The conversion of this administrative complex into a massive civil township is pinned on the French General and Founder of La Martiniere College in Lucknow, Major General Claude Martin. He built a number of houses around the complex which were rented only to Europeans.
The British Headquarters
With the deposition of Nawab Wajid Ali Shah in 1856, the British Residency converted into the most powerful headquarter in the city. All the politcal and administrative control of the city now lay in the hands of the British. What the British couldn't control was how the people of the city viewed the Residency; as a symbol of British Tyranny.
The Siege of Lucknow
When the rising momentum of the Revolt of 1857 reached Lucknow, 8000 soldiers of the British Army and several local landowner surrounded the Residency that was a refuge to all the Europeans in the city. For 6 months, the Residency was guarded by virtue of its elevated establishment, however, the spirit of the Indian was undefeated and the British had to evacuate the complex.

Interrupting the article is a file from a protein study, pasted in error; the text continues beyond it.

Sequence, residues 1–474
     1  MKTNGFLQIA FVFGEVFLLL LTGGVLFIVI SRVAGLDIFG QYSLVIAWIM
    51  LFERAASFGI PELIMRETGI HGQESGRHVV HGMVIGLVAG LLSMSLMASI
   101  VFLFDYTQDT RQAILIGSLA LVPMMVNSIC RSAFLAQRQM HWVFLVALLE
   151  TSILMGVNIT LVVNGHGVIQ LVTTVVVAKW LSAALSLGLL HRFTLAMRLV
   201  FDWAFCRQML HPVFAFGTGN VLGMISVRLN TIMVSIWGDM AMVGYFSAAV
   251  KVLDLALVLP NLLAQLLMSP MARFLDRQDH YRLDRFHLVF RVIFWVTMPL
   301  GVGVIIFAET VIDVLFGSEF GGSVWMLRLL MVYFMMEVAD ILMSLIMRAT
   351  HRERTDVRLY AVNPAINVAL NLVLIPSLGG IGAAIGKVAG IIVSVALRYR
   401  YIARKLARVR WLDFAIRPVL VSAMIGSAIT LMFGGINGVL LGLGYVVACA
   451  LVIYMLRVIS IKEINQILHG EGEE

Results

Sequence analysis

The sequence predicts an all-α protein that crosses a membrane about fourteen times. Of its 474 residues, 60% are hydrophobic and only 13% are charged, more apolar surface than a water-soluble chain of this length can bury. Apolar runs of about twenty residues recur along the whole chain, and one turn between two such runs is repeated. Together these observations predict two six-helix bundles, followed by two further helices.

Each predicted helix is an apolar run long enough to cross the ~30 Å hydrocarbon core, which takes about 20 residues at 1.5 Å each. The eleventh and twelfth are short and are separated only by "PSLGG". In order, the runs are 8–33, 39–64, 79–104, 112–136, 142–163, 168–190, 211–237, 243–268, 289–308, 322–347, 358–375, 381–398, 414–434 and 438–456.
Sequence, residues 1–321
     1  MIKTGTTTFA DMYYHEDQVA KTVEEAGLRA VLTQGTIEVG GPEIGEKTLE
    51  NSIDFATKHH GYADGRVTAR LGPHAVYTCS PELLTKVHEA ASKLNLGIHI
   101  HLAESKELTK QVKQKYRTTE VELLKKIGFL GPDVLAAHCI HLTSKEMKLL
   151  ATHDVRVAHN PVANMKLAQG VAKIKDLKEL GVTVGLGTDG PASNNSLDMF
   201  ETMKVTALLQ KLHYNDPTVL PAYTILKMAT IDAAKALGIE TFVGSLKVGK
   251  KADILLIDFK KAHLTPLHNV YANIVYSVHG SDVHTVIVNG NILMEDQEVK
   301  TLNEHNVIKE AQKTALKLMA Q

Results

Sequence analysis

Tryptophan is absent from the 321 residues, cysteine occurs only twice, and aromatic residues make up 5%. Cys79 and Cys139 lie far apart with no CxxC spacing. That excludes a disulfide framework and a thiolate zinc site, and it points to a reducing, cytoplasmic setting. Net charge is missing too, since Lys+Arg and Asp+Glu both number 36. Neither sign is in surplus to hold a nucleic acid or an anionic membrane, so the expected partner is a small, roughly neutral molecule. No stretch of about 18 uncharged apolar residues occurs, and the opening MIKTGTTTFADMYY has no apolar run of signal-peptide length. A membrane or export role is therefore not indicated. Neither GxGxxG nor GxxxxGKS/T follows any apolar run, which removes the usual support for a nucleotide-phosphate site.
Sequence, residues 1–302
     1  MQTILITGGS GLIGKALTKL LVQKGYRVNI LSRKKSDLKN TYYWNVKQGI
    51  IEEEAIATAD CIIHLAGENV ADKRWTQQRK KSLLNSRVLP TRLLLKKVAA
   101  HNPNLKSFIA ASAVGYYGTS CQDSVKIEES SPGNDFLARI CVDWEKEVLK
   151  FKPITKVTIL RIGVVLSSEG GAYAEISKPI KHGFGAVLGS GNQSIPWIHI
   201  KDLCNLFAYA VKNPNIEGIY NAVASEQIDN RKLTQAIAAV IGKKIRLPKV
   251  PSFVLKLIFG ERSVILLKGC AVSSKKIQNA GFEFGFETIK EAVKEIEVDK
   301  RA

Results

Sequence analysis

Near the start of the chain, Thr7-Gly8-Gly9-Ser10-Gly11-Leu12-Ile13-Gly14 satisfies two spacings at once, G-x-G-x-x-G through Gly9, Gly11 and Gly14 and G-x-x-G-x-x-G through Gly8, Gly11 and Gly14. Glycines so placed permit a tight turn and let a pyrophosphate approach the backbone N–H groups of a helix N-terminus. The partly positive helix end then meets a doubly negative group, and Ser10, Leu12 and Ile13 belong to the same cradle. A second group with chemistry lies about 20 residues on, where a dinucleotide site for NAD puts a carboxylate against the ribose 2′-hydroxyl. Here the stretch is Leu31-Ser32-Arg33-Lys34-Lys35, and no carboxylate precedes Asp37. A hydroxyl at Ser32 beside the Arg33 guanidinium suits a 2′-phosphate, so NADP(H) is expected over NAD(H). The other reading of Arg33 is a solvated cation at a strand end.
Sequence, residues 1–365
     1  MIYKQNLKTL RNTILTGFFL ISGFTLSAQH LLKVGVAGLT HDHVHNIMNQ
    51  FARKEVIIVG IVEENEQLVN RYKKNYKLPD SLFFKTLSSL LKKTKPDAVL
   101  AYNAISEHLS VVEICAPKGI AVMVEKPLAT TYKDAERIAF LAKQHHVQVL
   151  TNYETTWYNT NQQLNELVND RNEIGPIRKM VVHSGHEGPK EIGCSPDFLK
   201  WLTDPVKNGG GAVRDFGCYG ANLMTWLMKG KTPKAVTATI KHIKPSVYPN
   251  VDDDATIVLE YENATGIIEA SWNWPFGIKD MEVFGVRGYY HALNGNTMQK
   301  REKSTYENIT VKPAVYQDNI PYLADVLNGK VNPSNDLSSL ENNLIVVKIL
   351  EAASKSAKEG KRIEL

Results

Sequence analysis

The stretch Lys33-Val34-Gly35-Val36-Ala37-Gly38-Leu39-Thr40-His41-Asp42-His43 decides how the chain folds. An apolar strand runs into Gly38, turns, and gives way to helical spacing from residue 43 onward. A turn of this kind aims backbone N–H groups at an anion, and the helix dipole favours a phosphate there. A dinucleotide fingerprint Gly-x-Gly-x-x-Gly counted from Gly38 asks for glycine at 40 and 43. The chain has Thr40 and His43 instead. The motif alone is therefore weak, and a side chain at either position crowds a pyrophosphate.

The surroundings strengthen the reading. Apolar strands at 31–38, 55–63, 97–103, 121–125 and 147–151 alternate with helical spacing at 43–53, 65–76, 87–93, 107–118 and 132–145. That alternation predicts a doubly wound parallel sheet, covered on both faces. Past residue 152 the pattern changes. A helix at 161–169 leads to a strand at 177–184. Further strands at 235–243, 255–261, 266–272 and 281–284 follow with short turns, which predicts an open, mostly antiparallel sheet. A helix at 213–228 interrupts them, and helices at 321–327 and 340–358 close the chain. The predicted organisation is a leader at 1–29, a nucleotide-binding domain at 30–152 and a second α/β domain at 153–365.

The signs of revolt are still etched into the walls of the complex. From bullet marks to canon attacks, the ruins of the building is a remembrance of the anger and dissatisfaction of the people of Lucknow against the British.
Around 2000 people, includings soldiers, officers, women and children died within these 6 months. Though, the Revolt of 1857 was a national phenomenon, nowhere was the destruction as brutal as it was in Lucknow.
A museum that records this chapter of the Lucknow History stands in the ruins of the complex today and is open for all who wish to learn what transpired within the now broken walls of a once pristine Residency.